Monday, October 23, 2006


Today I was asked why do we say to someone wearing new clothes ! תתחדש - Titchadesh! The blessing is parallel to "Wear it in good health", but it literally means "renew (yourself)". How did this phrase come to be?

The Rama mentions in Orach Chaim 223:6 that there is a custom to say to someone wearing new clothes תבלה ותתחדש - tibale v'titchadesh. Other sources (quoted here and here) have תבלה ותחדש (this seems to me to be the more logical, perhaps the original.) The meaning of this phrase therefore means ''May you wear out (this garment) and buy a new (one).'' It is therefore a wish for long life.

Interestingly, the Rama writes that there are those that say that this blessing should not be said on shoes or clothes made of leather, because it is not proper to wish the death of another animal.
The verb בלה - to wear out - is the source of the term bilui בילוי - "recreation, pastime". How did we go from "waste" to "recreation"?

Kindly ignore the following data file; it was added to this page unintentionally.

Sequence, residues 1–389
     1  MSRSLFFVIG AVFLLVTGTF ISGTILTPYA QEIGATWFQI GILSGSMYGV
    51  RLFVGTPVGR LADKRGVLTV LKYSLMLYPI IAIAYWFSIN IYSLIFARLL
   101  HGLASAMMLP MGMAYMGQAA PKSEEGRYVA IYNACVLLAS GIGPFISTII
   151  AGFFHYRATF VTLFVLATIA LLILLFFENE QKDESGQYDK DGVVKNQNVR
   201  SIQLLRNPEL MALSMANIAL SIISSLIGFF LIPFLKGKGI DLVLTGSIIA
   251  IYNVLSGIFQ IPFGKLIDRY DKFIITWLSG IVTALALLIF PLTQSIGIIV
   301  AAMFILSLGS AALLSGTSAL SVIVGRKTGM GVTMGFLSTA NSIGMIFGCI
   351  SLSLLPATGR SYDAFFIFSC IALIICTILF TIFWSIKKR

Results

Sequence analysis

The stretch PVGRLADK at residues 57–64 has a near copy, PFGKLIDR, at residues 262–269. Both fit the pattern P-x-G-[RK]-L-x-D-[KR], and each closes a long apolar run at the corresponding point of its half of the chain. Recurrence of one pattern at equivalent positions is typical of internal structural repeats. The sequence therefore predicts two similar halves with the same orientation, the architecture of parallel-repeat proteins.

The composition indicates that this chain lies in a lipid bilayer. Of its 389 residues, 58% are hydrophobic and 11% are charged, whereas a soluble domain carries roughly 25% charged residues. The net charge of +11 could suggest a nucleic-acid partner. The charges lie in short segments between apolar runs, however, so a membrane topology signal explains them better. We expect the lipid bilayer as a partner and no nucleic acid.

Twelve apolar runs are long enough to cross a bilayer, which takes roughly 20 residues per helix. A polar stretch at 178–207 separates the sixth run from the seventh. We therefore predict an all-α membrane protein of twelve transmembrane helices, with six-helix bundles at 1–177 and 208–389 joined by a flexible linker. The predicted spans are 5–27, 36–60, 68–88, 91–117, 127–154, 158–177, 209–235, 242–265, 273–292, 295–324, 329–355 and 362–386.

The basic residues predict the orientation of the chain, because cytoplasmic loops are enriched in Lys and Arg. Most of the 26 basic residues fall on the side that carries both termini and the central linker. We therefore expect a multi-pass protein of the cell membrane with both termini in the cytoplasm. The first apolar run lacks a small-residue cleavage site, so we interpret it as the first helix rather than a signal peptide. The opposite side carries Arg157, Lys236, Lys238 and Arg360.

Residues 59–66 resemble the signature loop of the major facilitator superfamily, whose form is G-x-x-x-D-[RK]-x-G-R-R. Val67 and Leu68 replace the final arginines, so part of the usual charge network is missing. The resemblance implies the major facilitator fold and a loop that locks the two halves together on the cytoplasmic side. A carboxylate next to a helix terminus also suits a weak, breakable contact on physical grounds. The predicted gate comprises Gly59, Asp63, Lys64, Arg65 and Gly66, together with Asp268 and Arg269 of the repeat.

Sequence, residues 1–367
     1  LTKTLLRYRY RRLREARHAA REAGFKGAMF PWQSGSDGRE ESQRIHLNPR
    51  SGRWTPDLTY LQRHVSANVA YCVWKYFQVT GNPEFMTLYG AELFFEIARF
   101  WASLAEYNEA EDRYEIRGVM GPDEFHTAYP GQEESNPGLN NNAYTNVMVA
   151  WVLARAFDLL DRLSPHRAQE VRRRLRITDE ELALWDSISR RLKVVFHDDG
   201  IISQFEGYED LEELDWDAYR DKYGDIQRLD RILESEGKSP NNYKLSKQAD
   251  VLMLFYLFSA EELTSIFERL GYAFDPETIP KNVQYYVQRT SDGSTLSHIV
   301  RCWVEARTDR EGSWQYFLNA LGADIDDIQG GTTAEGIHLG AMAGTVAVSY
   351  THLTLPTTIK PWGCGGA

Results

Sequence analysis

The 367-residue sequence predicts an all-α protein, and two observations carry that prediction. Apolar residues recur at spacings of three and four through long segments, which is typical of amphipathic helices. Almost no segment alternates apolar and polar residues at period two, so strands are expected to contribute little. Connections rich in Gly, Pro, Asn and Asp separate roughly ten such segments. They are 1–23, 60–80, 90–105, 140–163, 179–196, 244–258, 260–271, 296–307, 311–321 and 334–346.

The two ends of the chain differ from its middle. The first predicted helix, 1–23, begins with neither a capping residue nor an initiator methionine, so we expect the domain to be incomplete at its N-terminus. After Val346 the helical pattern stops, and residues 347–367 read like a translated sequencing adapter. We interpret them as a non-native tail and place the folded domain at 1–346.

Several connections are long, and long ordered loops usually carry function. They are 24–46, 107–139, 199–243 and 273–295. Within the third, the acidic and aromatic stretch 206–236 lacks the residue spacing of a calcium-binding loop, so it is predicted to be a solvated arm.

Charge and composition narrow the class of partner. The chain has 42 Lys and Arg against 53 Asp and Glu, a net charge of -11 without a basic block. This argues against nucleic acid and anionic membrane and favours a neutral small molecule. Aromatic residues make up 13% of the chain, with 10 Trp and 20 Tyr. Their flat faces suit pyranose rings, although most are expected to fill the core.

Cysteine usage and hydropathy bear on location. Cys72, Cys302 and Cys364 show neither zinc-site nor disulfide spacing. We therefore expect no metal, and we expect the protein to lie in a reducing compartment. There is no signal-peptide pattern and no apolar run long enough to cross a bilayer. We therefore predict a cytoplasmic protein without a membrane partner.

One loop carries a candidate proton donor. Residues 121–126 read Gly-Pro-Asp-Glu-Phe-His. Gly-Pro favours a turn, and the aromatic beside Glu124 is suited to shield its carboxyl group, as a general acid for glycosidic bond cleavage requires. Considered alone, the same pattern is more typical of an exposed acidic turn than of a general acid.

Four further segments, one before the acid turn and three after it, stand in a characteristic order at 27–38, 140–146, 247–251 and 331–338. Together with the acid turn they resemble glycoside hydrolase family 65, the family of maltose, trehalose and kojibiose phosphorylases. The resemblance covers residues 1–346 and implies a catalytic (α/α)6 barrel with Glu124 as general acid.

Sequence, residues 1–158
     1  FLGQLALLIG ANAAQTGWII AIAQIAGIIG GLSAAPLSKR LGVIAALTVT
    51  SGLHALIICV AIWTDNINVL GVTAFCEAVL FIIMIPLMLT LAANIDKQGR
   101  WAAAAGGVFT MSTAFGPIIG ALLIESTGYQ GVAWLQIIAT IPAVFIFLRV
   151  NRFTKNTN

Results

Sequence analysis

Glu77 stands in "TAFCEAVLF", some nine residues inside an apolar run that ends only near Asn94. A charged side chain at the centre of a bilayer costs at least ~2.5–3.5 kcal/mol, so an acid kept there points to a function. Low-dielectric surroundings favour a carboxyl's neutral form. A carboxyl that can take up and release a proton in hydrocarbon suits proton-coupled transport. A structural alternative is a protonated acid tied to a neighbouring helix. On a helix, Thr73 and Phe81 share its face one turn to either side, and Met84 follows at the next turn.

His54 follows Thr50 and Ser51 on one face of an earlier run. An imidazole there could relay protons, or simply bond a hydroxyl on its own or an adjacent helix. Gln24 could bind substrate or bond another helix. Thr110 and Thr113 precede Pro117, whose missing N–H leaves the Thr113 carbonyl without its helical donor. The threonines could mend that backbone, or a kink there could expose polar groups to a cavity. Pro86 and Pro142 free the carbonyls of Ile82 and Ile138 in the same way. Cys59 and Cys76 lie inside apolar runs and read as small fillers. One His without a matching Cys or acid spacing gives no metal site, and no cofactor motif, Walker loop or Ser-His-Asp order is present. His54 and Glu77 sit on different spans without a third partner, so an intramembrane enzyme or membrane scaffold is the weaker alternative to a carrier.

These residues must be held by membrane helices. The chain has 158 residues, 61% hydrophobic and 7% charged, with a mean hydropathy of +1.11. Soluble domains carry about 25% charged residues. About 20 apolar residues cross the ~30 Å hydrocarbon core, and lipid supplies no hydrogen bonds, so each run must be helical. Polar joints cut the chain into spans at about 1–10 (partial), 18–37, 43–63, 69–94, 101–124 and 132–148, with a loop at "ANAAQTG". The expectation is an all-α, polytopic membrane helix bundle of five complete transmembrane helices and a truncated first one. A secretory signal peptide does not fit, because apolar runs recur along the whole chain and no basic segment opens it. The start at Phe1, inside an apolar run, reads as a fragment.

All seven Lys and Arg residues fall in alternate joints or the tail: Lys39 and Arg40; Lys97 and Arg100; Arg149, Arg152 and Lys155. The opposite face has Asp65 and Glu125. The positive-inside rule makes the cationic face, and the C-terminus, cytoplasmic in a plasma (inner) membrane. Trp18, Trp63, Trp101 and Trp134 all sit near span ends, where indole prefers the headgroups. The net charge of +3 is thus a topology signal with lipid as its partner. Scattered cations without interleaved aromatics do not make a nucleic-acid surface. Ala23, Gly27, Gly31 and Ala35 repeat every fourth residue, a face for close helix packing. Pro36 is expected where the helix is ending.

In Iyov 21:13 we find the phrase יבלו בַטּוֹב יְמֵיהֶם. Iyov is complaining about the wicked and how "they spend (waste) their days in happiness". The kri is יְכַלּוּ בַטּוֹב יְמֵיהֶם - "they will end their days in happiness". The verse has a negative connotation, but the phrase - through a misreading according to Amos Chacham in the Daat Mikra - has gained a positive sense, "recreation". I agree that there is certainly a linguistic change here, but I think perhaps more significantly over the years there has been a major shift in society's view of "free time". The entertainment industry could not have been contemplated not so long ago, before industrialization freed up so much of our time.

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